Benefits of PE

Plastics are not always seen as the most eco-friendly material, but, compare them closely with their rivals on a lifespan basis and you might be surprised.

Strong, durable, light-weight and flexible, PE is a sustainable material that will offer excellent, maintenance-free performance for generations. Energy efficient during its manufacture, PE also requires significantly less energy to transport and install than metal or concrete alternatives. And with its superior corrosion and abrasion resistance, PE also requires less pumping energy post installation, combining superb hydraulic characteristics with an excellent service life and leak-free performance.

Leak Free Solution

Around 3.37 billion litres of water are lost every day in the England and Wales supply system alone according to OFWAT’s latest figures.

The main cause of leaks is pipe failure, so reducing the number of pipe breakages will help prevent water from haemorrhaging from the system. The flexibility of PE offers the ideal answer: unaffected by ground movement and heave, PE pipes do not carry the same inherent risk of cracking as metal or concrete alternatives but are strong enough to withstand deformation from backfilling and traffic loading. What’s more, PE does not corrode; a common cause of leaks in metal pipes.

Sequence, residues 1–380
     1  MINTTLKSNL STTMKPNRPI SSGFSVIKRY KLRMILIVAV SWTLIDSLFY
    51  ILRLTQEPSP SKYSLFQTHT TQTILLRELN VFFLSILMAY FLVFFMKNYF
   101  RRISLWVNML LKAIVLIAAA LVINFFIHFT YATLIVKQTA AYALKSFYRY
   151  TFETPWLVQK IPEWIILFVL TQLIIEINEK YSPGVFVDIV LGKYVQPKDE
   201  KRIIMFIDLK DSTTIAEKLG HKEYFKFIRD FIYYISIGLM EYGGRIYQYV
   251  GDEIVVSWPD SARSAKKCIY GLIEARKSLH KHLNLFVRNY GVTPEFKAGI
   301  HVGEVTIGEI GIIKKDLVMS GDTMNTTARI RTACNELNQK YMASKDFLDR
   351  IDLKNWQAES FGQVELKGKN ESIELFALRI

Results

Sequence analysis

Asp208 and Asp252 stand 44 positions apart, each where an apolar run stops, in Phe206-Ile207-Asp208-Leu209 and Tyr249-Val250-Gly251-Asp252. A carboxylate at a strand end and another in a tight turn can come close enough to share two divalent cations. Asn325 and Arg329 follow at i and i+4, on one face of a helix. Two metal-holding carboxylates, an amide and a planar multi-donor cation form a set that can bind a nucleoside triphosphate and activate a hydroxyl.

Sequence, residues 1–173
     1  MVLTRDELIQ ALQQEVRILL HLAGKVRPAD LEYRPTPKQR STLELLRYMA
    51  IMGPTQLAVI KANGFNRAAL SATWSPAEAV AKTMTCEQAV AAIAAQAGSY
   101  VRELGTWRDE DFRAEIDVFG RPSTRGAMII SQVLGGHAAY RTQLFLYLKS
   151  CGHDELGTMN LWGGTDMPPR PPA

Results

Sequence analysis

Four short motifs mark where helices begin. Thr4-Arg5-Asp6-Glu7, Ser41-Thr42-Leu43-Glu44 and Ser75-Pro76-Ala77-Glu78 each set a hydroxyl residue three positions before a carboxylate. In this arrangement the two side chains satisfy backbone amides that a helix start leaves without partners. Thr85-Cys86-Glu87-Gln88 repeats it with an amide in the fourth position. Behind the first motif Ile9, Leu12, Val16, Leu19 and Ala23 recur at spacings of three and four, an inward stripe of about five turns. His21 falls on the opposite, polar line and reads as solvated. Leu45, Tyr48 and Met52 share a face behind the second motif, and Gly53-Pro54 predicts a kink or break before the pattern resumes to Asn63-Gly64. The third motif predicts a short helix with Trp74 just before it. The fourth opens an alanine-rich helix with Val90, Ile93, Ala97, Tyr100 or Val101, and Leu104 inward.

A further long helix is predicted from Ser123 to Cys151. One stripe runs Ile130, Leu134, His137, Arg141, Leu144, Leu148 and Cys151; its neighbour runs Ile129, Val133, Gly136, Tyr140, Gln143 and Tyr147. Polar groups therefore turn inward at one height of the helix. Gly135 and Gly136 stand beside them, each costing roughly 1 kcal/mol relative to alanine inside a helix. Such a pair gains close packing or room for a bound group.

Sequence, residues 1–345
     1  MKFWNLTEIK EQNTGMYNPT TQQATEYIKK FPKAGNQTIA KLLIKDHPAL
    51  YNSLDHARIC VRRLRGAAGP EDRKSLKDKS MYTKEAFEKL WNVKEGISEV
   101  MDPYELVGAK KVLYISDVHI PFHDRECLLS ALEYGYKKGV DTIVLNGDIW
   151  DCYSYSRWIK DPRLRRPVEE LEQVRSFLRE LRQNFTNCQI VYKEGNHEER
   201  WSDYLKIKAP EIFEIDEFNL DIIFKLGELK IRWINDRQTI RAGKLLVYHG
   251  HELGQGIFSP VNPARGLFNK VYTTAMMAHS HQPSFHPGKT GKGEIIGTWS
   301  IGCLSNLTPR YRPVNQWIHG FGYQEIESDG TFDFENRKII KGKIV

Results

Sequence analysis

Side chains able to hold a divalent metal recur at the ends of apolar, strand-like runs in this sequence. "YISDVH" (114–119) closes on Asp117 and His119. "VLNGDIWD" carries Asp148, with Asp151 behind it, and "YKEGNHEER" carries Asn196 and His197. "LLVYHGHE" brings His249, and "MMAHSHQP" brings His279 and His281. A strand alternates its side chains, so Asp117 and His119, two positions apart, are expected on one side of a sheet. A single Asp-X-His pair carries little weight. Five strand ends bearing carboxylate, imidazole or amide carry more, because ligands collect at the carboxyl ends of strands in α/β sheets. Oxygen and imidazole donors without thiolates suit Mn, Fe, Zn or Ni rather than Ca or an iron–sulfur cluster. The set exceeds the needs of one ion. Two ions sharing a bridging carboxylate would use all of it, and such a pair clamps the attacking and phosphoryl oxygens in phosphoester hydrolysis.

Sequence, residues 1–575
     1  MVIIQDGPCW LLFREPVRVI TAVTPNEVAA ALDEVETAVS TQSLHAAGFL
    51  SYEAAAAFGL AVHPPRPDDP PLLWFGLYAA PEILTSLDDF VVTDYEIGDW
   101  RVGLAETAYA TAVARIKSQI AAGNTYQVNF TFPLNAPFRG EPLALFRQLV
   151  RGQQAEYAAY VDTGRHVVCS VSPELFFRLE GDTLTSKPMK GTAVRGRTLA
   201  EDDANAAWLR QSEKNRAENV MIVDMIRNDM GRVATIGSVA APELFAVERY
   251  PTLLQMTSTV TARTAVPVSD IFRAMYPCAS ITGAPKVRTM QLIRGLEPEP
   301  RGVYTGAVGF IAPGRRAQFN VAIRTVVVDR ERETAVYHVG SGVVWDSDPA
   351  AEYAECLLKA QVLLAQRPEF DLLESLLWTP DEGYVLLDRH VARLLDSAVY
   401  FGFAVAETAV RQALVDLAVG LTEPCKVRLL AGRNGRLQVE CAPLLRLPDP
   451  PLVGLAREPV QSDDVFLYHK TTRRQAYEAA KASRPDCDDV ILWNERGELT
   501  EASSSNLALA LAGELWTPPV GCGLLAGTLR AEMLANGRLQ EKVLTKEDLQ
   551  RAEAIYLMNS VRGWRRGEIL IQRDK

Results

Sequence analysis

The UKWIR National Mains Failure Database contains details of around 500,000 water mains failures from over 95% of the UK companies for the period from 1995 to 2002. The comparison of failure records of cast iron, asbestos cement, PVC, ductile iron and PE clearly shows that PE has the lowest failure rate of all water distribution pipe materials.

That accolade is not only due to the strength and flexibility of PE, but also to the fact that PE pipes need fewer joints - and joints are the area where any pipeline is most vulnerable to leaks. PE pipes can be produced, transported and installed in longer lengths and GPS can provide coils of piping up to 200m long and straight lengths up to 18m long. This enables installation of pipelines with up to two or three times fewer joints than metal or concrete alternatives and, because lengths of PE pipe are fitted together with fully welded butt or electro-fusion jointing processes, PE pipes provide stronger, tighter, more leak-proof joints too.